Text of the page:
The fiscal monitoring review conducted by the state Department of Community and Economic Development on the $500,000 anchor building grant issued on the failed ACA project in downtown Warren is classified.
And cityofficials aren't going to release it.
Prior to Monday's city council meeting, Teena Leary, the city's Right-to-Know officer, indicated that the report is "covered under an exemption right now" and is thus not required to be released publicly.
During the meeting, Councilman Sam Harvey further clarified the issue from council's perspective.
"The report is part of an ongoing investigation," Harvey said. "We are required to keep it confidential. At some point when the investigation is concluded, it will be a public document. City council does not have the ability to release the report."
The Times Observer filed a Right-to-Know request with DCED on June 13 and with the City of Warren on Monday in attempts to procure copies of the review.
DCED and the city have five business days to make a determination whether to approve or deny the request.
Melissa Melewsky, a media law attorney with the Pennsylvania Newspaper Association, indicated that an ongoing investigation is "the most likely exemption to limit access." However, she said, "If an exemption applies making a record non-public, the Right-to-Know Law allows agencies to release the record anyway if it serves the public interest and release is not prohibited by other law, court order or privilege.
"I'm not aware of any other laws, court orders or privileges that would apply, hence DCED and the city could release the record but choose not to."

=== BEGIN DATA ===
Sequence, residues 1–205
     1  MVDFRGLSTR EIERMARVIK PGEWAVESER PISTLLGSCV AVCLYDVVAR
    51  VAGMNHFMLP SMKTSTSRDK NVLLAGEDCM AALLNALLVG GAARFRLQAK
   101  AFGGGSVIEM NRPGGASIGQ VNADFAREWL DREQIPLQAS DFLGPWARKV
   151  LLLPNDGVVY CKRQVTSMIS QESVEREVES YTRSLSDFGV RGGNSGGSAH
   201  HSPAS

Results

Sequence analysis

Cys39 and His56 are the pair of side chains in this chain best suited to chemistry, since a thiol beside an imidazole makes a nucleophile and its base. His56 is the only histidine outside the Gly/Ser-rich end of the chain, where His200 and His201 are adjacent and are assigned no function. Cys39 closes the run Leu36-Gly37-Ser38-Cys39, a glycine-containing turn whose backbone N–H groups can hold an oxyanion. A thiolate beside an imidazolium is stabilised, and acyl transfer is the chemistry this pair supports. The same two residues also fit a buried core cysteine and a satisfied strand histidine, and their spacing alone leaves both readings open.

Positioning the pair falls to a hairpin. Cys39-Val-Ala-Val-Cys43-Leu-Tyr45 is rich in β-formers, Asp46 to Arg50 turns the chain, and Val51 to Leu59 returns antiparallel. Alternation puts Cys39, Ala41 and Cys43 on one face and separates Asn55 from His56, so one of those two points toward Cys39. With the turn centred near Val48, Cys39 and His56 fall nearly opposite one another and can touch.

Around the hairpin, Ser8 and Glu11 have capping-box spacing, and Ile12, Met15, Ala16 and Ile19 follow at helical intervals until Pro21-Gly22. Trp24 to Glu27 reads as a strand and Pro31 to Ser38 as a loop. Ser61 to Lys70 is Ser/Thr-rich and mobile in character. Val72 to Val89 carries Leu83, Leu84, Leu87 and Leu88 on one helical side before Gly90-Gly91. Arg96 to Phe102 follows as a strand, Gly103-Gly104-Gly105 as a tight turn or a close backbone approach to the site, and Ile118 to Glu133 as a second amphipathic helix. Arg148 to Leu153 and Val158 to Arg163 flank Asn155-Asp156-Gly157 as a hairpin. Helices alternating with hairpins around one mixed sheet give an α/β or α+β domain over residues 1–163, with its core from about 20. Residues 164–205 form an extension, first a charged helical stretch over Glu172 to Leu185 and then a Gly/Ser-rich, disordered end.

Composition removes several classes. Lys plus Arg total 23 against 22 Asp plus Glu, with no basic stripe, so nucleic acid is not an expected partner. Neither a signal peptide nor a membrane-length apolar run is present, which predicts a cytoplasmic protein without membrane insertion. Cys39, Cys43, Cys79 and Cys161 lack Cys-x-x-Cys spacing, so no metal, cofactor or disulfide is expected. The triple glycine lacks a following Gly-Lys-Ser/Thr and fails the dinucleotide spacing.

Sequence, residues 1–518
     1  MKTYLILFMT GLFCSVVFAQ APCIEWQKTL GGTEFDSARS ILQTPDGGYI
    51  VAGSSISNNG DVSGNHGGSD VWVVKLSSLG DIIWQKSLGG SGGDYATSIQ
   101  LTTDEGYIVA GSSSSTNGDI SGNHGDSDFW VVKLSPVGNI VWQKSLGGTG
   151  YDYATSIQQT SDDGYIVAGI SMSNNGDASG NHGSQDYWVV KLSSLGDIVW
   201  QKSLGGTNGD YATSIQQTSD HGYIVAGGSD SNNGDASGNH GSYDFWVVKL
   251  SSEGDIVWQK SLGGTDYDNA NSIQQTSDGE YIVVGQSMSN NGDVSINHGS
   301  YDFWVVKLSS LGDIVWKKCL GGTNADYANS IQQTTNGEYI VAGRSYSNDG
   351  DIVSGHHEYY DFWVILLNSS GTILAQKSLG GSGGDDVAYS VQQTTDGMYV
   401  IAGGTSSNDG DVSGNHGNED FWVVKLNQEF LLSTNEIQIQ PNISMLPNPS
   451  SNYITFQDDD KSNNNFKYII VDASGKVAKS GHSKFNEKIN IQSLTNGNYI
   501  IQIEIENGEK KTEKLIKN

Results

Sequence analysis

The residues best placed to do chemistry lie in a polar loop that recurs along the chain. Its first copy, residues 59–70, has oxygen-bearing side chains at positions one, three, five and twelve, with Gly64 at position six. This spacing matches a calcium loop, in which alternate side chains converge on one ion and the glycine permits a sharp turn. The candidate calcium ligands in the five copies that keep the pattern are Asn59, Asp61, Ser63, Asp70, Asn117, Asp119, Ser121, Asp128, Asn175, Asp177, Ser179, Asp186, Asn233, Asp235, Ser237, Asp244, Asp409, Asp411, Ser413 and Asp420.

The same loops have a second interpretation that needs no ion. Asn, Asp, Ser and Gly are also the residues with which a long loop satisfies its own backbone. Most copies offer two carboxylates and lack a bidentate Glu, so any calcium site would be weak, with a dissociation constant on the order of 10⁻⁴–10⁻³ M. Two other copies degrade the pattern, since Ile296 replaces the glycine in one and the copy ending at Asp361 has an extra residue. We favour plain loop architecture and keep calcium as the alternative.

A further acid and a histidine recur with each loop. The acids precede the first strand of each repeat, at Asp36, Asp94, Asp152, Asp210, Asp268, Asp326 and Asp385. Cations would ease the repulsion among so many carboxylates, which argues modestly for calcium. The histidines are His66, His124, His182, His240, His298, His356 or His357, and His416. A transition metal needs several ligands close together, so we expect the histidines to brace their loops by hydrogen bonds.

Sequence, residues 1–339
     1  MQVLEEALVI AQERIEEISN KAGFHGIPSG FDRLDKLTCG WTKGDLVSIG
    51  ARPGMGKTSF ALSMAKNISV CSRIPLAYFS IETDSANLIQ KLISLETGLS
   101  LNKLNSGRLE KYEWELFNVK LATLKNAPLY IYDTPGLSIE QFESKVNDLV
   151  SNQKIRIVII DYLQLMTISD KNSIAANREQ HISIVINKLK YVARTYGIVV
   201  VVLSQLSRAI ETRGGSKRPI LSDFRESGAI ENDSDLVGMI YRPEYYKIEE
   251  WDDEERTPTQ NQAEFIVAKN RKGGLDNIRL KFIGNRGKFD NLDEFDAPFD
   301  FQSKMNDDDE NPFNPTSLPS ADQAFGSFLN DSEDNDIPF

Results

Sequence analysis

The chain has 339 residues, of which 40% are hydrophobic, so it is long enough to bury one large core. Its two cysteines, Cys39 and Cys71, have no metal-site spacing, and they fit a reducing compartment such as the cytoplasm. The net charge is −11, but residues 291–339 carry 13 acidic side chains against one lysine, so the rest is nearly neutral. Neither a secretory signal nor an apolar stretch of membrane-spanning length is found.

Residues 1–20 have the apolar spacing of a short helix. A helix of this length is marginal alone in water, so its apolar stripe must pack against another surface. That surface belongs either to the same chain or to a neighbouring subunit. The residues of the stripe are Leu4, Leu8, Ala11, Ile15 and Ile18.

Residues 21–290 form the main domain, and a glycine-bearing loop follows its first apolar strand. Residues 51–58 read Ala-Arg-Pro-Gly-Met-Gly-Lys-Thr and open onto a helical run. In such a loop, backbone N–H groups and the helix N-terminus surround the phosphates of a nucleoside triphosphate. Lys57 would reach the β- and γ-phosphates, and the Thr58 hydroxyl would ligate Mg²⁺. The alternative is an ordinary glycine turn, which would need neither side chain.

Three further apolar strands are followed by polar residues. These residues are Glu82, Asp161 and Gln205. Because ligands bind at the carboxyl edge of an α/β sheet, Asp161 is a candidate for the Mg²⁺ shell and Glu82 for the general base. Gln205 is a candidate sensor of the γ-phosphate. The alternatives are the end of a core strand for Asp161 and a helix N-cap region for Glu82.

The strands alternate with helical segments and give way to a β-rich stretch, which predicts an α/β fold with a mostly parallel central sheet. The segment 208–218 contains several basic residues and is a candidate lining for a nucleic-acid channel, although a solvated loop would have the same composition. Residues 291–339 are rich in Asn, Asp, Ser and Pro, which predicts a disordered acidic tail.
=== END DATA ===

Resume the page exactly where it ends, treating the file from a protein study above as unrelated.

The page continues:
Mayor Mark Phillips announced at the beginning of the meeting that council met in executive session immediately prior to Monday's meeting to discuss, in part, "litigation issues regarding GRO-Warren and DCED."
On Tuesday, Acting City Manager Mary Ann Nau said in an email that "currently, litigation has not been filed."
She added, "City Council is in the process of scheduling a special meeting to discuss possible action."
On Monday, DCED Deputy Press Secretary Theresa Elliott explained that a fiscal monitoring review is not an audit.
"A fiscal monitoring review is performed by DCED staff to ensure compliance with contracts and DCED guidelines and program regulations," Elliott said in an email. "The purpose of the financial review is to analyze existing financial operations, systems and procedures for deficiencies and/or determine financial impact and feasibility of programs. The fiscal monitor reviews internal controls, compliance with contract, and supporting documentation for expenditures."
That differs from an audit which "is required under our normal program procedures for contracts of $100,000 or more," Elliott said, indicating than an audit, traditionally completed by a certified public accountant, "is a more detailed examination of activity."